According to the Chronicle, alarms sounded in the plant when the explosion occurred, but Pasadena's siren system didn't alert residents until more than 15 minutes later. Mayor Johnny Isbell said the system had been undergoing repairs because the sirens recently had been sounding when they were not supposed to.
The fire was finally extinguished shortly before 5 p.m., and Phillips officials said their monitors found no sign that anyone outside the plant was exposed to toxic chemicals, which they claimed were consumed by the fire.
Phillips employees are represented by the Paper, Allied-Industrial, Chemical and Energy Workers International (PACE) union, which also operates labor-management safety committees with the company. Joe Campbell, the secretary-treasurer of PACE Local 4-227 in Pasadena, told the World Socialist Web Site, “Too many people have been killed in the complex over the last 10 years. We've got people who are scared to go back in that plant because they are worried there is going to be a reoccurrence. Several are going to psychiatrists.
“This is a tragedy for the contractors who were injured Monday too. But the truth is, instead of hiring union members Phillips employs contractors who have little or no experience working in a volatile place. On any given day there are 200 to 300 contractors at the facility.
“Phillips is one of the most penny-pinching SOBs there are. They are always talking about cost savings, just like the rest of corporate America. They've been cited so many times by OSHA, but all they get is a slap on the wrist and they promise to do better next time.”
Campbell said that chemical companies are located up and down the Houston Shipping Channel, including the Crown Refinery where PACE members have been locked out for four years. There was little doubt, he said, that the area's workers and residents suffered high rates of cancer and other chemical-related ailments.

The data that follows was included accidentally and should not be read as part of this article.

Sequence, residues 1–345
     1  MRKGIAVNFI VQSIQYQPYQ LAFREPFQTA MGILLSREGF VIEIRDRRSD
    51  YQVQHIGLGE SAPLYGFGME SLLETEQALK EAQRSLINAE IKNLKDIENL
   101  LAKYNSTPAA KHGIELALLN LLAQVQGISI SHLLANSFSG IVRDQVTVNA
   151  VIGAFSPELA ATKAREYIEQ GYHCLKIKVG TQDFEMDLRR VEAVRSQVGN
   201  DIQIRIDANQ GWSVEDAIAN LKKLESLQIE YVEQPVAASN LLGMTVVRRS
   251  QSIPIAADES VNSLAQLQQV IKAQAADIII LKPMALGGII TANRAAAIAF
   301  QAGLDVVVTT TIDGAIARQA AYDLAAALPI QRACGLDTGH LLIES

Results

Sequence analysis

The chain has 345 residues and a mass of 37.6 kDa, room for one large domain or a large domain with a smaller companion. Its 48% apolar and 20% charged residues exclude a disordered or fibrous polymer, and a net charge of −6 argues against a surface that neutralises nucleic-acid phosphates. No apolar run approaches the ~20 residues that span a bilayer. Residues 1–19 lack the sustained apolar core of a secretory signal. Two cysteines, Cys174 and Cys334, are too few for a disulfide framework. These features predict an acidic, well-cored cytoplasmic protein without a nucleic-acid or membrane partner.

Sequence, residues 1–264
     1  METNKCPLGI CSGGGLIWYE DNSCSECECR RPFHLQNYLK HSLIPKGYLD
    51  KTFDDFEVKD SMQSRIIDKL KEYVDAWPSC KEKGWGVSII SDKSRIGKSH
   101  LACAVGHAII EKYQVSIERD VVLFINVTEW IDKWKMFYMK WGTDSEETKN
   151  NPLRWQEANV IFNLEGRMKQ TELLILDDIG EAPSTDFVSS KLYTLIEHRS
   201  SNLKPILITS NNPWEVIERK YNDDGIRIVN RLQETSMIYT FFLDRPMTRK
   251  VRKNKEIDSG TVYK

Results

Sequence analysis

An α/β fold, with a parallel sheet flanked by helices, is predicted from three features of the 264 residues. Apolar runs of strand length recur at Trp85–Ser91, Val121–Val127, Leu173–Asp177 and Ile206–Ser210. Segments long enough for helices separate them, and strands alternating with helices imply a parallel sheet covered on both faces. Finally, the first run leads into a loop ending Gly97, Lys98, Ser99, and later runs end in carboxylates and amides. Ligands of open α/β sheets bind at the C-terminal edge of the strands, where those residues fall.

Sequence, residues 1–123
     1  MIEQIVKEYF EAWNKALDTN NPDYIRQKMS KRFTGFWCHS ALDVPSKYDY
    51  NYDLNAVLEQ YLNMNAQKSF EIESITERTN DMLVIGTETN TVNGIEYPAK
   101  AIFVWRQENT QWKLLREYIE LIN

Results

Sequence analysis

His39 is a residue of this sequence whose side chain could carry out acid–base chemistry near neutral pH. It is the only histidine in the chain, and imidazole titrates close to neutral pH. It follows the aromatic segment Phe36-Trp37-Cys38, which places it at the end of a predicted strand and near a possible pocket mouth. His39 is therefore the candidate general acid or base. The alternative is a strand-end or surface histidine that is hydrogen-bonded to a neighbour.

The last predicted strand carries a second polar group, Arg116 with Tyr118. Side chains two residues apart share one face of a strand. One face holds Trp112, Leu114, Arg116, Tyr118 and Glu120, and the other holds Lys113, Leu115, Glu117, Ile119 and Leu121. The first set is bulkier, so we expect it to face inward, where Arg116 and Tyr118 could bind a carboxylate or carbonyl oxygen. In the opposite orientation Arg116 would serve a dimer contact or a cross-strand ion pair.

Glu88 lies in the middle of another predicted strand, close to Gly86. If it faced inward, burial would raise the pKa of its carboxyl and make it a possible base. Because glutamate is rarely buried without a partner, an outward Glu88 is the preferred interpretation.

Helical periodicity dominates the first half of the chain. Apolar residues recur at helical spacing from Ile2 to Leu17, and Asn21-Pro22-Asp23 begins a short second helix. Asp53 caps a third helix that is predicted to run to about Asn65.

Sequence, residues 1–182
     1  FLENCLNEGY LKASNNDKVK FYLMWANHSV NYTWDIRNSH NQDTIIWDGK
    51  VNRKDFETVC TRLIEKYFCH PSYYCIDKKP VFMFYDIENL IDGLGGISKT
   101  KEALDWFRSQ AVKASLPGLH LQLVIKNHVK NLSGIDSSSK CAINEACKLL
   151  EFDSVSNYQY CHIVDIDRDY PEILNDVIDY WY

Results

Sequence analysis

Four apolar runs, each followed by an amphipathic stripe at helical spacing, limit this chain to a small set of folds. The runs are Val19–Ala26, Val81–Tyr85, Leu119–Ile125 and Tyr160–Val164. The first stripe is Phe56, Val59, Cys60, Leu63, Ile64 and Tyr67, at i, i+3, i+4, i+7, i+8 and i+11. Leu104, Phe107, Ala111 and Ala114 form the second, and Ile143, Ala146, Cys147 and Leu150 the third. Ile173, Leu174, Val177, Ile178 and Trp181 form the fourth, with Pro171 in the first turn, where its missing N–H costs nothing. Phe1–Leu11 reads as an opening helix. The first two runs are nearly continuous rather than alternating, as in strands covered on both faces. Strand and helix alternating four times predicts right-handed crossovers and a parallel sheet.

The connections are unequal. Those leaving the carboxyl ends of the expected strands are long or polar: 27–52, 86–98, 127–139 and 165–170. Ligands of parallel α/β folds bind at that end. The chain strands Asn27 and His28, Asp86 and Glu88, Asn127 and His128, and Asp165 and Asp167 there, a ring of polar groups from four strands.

The Chronicle reported that after the explosion coworkers and family members gathered at nearby hospitals waiting for loved ones to arrive. One chemical worker, Danny George, whose family has a long history of working in the industry and is aware of the risks, spoke to the newspaper while awaiting word on the severity of his brother's injuries.
“Phillips has got some problems,” George said. “There's too many explosions. You've got to look at the history. Now, when you hear of an explosion, the first place you look at is Phillips.”
A press release from the company on the day of the blast noted that all of the Houston Chemical Complex had been shut down because of the explosion. “However,” the press release said, “Phillips expects to resume polyethylene and polypropylene production in the next few days.”
Phillips, the nation's eighth-largest oil company, had $15 billion in assets at the end of 1999, and $14 billion of revenues for the year. Last summer, under pressure from Wall Street and facing a threatened takeover by Chevron Corporation, Phillips' new CEO announced a five-year restructuring plan to sell its chemicals and refining businesses and focus on exploration and production in order to significantly increase earnings and cash flow in 2000.